name of Eryx on the W. slope of the moun-


ESSUI (-onmi), a people in Gaul, W. of the

ETEOCLES (-is), son of Oedipus and
Jocasta. After his father's flight from Thebes,
he and his brother Polynlces undertook the
government of the city ; but disputes having
arisen between them, Polynices fled to Adras-
tus, who then brought about the expedition
of the Seven against Thebes. [Adrasttjs.!
Eteocles and Polynices perished in single '

ETESIAE (-arum), the Etesian Winds, de-
rived from Iroe " year," signified any peri-
odical windSf but more particularly the
northerly winds which blow in the Aegean
for 40 days from the rising of the dog star.

ETRtJRIA, ETRDr!a, or TUSCIA, called
by the Greeks TYRRHENLA. or TYRSENIA
(-ae), a country in central Italy. The in-
habitants were called by the Romans Et&usci
or Tusci, by the Greeks TY&SHEm or Tyssbni,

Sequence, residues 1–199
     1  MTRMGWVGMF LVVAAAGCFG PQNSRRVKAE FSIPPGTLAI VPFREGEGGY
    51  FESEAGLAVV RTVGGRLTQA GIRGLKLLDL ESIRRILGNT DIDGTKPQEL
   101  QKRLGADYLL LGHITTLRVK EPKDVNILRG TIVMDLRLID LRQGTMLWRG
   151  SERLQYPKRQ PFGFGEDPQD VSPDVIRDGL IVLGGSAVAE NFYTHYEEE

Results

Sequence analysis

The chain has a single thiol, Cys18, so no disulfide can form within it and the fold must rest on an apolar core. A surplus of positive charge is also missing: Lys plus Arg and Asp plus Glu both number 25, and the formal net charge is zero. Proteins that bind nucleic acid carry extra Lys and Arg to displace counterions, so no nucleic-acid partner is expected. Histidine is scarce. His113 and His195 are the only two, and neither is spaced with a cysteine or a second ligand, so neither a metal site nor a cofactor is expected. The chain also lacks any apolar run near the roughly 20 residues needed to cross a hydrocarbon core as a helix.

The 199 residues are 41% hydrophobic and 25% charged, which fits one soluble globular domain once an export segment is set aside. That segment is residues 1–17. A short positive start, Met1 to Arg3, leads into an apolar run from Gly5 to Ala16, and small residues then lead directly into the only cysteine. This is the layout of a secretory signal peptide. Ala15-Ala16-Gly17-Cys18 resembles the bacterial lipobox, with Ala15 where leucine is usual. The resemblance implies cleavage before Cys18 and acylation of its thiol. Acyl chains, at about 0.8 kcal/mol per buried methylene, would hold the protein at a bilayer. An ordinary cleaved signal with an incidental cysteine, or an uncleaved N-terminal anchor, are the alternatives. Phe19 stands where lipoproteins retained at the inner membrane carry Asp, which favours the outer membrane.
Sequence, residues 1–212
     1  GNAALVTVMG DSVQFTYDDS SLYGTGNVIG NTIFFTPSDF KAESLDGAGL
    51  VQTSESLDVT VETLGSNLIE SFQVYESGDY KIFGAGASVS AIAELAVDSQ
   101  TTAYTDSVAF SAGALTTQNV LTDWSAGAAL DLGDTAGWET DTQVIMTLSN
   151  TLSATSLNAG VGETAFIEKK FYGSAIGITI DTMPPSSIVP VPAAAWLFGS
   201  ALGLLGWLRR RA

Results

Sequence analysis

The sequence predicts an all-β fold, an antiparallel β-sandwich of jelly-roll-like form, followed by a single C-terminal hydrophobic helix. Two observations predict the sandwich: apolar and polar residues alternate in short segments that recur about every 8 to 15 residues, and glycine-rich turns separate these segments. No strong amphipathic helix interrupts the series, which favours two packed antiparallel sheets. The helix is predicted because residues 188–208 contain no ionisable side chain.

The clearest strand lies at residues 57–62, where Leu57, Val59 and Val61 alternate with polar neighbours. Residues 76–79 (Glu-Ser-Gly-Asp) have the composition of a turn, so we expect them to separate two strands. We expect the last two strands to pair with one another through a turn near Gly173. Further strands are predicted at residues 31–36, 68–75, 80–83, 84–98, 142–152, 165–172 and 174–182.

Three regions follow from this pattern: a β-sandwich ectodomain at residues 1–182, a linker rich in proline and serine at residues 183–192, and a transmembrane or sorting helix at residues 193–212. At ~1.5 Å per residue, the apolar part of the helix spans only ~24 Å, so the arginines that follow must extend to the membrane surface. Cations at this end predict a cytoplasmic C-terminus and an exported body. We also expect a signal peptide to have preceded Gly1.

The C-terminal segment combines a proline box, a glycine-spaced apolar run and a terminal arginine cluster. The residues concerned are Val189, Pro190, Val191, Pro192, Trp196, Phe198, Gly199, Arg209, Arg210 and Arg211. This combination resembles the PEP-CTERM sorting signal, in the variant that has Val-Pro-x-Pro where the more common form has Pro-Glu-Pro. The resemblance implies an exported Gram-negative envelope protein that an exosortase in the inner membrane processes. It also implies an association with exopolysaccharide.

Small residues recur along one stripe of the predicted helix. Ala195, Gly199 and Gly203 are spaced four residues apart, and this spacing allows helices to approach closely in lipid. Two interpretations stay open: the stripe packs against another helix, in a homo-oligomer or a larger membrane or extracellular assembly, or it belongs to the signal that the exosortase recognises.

and by themselves Rasena. Etruria Proper
was bounded on the N. and N. W. by the Apen-
nines and the river Macra, which divided it
from Liguria, on the W. by the Tyrrhene sea
or Mare Inferum, and on the E. and S. by the
river Tiber, which separated it from Umbria
and Latium. The origin of the Etruscans is
uncertain. The ancients believed that they
were a colony of Lydians, but more modem
writers suppose that the Etruscans were a
Rhaetian race, called Rasena, who descended
from the Alps and the valley of the Po. The
Etruscans were a very powerful nation when
Rome was still in its infancy, and at an early
period their dominions extended over the
greater part of Italy, from the Alps and the

Digitized by





plains of Lombardy on the one hand, to Tesu-
vius and the gulf of Sarento on tiie other.
These dominions may be divided into 3 great
districts : Circumpadane Etruria in the N.,
Etruria Proper in the centre, and Campanian

Online LibraryWilliam SmithA smaller classical dictionary of biography, mythology, and geography ... → online text (page 31 of 90)